An expert radiologist (with 7 years of experience in reading breast MRI) identified 8–11 structural landmarks (113 landmarks in total) in the two scans of each patient which were used for assessing the accuracy of the registration. The ClearCanvas viewer (Synaptive Medical, Toronto, ON, Canada) was adapted to allow for annotating the images. The landmarks were identified at various slices on the 3D breast volume and included blood vessels, nipple, specific combinations of the fibroglandular tissue, and adipose tissue, e.g., a narrow band of fibrograldular tissue extending into the adipose, certain edge structures of the fibroglandular tissue, etc. A sample slice of one of the patient datasets at visit one and its corresponding slice (having the same physical coordinate) at visit two (before and after registration) are shown in Fig. 2. The radiologist’s landmarks are also shown with the arrows which, as can be seen in Fig. 2a, c, correspond to the same anatomical structure but do not lay at the same coordinate (the boxes in these images have the same physical coordinate). Thus, co-registration is needed to align the two breast volumes. As can be seen in Fig. 2e, Elastix registration resulted in accurate alignment of the two volumes.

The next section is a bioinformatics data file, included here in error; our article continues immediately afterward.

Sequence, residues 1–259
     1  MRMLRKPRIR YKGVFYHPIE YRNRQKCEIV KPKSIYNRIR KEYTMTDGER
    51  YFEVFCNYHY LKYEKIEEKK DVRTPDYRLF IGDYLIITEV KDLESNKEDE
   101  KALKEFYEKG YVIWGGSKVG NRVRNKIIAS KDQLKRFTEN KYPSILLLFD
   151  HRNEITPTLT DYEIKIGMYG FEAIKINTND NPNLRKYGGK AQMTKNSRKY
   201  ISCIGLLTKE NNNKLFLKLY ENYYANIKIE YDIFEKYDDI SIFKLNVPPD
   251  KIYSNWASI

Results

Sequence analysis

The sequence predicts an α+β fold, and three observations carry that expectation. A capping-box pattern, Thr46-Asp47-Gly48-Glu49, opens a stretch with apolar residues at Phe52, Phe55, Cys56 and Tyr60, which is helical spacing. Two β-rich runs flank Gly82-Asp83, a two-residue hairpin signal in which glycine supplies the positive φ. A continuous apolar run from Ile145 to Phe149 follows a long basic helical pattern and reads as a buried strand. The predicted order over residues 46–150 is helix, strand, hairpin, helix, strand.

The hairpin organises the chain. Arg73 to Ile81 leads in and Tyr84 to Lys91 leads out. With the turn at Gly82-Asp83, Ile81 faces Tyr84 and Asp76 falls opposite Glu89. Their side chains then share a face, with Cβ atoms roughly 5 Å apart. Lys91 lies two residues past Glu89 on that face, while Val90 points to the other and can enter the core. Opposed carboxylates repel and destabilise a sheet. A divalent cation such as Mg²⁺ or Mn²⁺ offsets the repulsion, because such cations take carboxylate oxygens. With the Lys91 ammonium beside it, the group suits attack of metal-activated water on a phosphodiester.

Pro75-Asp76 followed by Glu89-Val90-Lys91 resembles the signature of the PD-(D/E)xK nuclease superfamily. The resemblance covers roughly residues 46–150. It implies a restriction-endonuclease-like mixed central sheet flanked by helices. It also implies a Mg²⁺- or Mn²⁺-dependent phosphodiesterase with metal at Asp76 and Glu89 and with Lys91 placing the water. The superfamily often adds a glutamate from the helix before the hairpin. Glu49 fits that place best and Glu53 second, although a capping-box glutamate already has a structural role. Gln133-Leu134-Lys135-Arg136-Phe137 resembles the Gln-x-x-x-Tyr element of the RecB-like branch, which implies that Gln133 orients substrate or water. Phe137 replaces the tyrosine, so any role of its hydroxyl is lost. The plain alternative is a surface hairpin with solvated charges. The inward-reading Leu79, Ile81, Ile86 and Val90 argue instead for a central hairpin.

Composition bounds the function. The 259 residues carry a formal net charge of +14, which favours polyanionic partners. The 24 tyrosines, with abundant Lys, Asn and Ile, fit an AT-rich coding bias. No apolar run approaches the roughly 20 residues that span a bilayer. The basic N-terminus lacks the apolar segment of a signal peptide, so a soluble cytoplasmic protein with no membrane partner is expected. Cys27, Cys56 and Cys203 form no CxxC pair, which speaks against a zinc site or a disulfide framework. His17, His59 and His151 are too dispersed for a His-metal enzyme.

Fig. 2

A representative slice of the 3D T1-weighted MRI of a patient at two visits (a and c) as well as the corresponding co-registered image (e) resulting from co-registering the 3D volume of the image in (c) to the 3D volume of the image in (a). In sub-figures (b), (d), and (f), the portion of the full image inside the orange box is enlarged for better visualization. The arrows show the anatomical landmarks that the radiologist had identified in the two data sets (in (d), the landmark falls outside of the orange box). These landmarks were used to evaluate the performance of the registration algorithm

Data Analysis

In order to determine the parameter combination with the optimal registration accuracy, the following parameters of the deformable registration were varied (within the ranges specified in Table 2): number of resolution levels, number of iterations, number of histogram bins when calculating mutual information, transform rigidity penalty which penalizes the non-rigid deformation by penalizing the bending on the voxel grid to avoid unrealistic deformations, and final grid spacing which specifies the control point lattice spacing in the grid for calculating the B-splines, as well as the B-spline interpolation order and the final B-spline interpolation order.